Russian oil output has grown by 70 percent since 1999 to exceed 10 million barrels per day and has become the world’s largest. It has defied repeated predictions that it would fall as depletion of West Siberian fields outpaces production growth in East Siberia.
But oil servicing firms say the quest for the best equipment and technology may allow Russia to achieve even its ambitious targets to produce as much as 10.7 million bpd by 2030 if Arctic and offshore Caspian Sea fields are also put on stream.
“We are ordering more advanced, heavier and mobile rigs. Now operators are willing to pay more for better efficiency,” said Kim Kruschwitz, marketing manager at Russia’s top drilling firm, Eurasia Drilling.
He said West Siberia could see output up 10 percent in coming years despite a wide industry belief that its reservoirs were ruined by speedy Soviet exploration.
“The gain in efficiency and output that results from improved technology will only become more pronounced in the next few years, and I expect Russian production to hold around the level of 10 million barrels per day for years to come,” Kruschwitz said.
The simple, vertical drilling phase is over for the majority of West Siberian fields, and to sustain output, operators are beholden to more expensive processes and hardware suited to extracting the oil in more technically challenging conditions.
Advanced drilling and oil recovery applications bode well not only for Russia’s production levels, but are also a boon for the companies that specialize in drilling execution, well construction and oil field services.
“The market for enhanced performance drilling services in Russia is growing at a rate of 10 to 15 percent this year, outpacing even the drilling market,” said Timothy Adams, business development head of Baker Hughes.
Russia Petroleum Investor sees the country’s drilling and oil field services market reaching $13 billion this year, an 11 percent increase from last year.
Russia’s top oil firm Rosneft said new drilling technologies have spurred output growth despite high levels of reserve depletion.
“New wells in Samaraneftegaz and Udmurtneft have been more productive than we originally planned. We are drilling faster, and the flow rates have increased,” said Peter O’Brien, Rosneft’s vice president for finance.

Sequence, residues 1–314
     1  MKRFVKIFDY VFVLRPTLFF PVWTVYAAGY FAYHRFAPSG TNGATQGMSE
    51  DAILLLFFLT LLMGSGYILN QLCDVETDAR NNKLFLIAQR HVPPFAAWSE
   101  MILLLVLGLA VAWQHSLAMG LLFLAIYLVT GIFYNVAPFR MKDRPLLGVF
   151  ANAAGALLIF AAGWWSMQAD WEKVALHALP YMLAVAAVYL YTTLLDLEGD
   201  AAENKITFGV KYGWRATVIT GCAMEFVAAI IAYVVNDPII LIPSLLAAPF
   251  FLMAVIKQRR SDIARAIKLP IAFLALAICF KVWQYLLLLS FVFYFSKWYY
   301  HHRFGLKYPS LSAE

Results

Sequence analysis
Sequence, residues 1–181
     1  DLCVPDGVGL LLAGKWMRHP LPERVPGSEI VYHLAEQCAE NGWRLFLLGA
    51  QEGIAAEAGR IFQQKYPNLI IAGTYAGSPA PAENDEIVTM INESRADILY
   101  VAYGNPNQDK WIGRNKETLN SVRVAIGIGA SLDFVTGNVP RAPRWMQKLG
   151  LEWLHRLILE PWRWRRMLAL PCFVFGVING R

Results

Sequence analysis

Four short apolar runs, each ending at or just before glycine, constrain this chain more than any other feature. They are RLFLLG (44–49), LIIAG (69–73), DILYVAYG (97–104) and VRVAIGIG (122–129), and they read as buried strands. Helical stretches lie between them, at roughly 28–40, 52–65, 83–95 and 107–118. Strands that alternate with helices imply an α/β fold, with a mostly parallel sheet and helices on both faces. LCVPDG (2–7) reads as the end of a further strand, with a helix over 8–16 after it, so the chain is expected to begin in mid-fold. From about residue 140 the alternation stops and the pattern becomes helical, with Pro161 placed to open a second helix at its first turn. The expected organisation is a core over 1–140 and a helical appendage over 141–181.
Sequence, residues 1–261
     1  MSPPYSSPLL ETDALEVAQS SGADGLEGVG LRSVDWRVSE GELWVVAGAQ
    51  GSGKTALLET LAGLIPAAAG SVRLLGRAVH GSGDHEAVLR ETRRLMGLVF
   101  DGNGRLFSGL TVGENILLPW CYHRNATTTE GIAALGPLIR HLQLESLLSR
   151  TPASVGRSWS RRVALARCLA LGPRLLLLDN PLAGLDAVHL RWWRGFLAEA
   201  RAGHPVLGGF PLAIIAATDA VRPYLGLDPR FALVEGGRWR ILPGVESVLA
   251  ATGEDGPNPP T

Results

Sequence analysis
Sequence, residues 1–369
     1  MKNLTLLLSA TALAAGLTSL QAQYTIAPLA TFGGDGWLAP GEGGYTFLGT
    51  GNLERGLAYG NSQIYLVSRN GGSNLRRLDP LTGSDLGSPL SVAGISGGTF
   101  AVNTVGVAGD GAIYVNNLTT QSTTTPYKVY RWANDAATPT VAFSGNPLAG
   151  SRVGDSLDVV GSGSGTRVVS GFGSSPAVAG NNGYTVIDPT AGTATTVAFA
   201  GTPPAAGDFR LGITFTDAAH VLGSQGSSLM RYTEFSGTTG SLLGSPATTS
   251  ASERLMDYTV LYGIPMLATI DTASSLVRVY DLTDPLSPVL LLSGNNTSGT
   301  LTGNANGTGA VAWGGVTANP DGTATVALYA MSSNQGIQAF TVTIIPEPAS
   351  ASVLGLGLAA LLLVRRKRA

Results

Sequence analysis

TNK-BP, which works on some of the country’s most mature fields, also said new technology is being tested to increase output and cut costs.
“In many cases our technology pilots involve partnerships with service companies, with the goal being to access new or untapped reserves, optimize lifting costs and accelerate production,” chief operating officer Bill Schrader said.
The bigger game-changer for drilling and services firms’ business in Russia, however, is the development push on deposits in East Siberia, the Arctic and the offshore Caspian.
“We compete in the high-value, high-cost segment of the oil services market. It is very small at the moment, but East Siberia is about to change that,” said Halle Aslaksen, vice president of Smith International in Russia.
“In East Siberia, the wells are deeper and more challenging, so to get the same amount of oil for the same price as the wells drilled in Western Siberia, you have to drill a lot smarter. And that means you need high-quality, efficient Western equipment,” he said.
Smith, which oil services giant Schlumberger is set to acquire later this year, expects to see 30 percent annual growth in Russia because of new opportunities in East Siberia and the Yamal Peninsula in the Arctic.
Companies say East Siberia’s remote geography also plays a big role in producers’ willingness to pay higher rates than in West Siberia for rigs, well equipment and drilling services.
“Western Siberia has hundreds of the same rig models, so if one breaks down, you’ve got another sitting idle nearby to rob for parts. In East Siberia, you’ve got to have good equipment; that is not negotiable,” said Jon Van De Sand, Smith’s regional manager.
Baker Hughes, the world’s No. 3 oil service firm, has Russia as one of the world’s top high-growth regions through 2013 and expects East Siberia’s share in its Russian revenues to rise to 30 percent from single digits now.